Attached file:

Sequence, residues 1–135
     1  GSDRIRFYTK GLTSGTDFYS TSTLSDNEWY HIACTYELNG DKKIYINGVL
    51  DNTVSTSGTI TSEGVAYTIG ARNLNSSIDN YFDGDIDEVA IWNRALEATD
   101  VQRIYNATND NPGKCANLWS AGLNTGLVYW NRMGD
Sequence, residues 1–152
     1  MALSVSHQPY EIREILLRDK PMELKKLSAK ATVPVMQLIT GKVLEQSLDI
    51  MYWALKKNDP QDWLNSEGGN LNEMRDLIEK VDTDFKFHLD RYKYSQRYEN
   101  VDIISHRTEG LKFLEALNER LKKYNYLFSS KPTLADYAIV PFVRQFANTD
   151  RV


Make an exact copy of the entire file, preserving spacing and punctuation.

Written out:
Sequence, residues 1–135
     1  GSDRIRFYTK GLTSGTDFYS TSTLSDNEWY HIACTYELNG DKKIYINGVL
    51  DNTVSTSGTI TSEGVAYTIG ARNLNSSIDN YFDGDIDEVA IWNRALEATD
   101  VQRIYNATND NPGKCANLWS AGLNTGLVYW NRMGD
Sequence, residues 1–152
     1  MALSVSHQPY EIREILLRDK PMELKKLSAK ATVPVMQLIT GKVLEQSLDI
    51  MYWALKKNDP QDWLNSEGGN LNEMRDLIEK VDTDFKFHLD RYKYSQRYEN
   101  VDIISHRTEG LKFLEALNER LKKYNYLFSS KPTLADYAIV PFVRQFANTD
   151  RV